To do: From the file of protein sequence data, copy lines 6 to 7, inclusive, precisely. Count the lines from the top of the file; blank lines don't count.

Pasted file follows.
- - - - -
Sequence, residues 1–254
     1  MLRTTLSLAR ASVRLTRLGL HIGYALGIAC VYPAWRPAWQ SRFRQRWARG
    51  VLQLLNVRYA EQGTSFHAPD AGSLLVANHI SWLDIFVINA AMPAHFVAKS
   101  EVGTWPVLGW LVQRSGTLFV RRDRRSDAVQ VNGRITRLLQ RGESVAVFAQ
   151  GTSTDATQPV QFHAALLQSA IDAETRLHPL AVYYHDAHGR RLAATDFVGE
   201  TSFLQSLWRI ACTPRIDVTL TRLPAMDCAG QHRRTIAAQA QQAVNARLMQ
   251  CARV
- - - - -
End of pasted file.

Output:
   201  TSFLQSLWRI ACTPRIDVTL TRLPAMDCAG QHRRTIAAQA QQAVNARLMQ
   251  CARV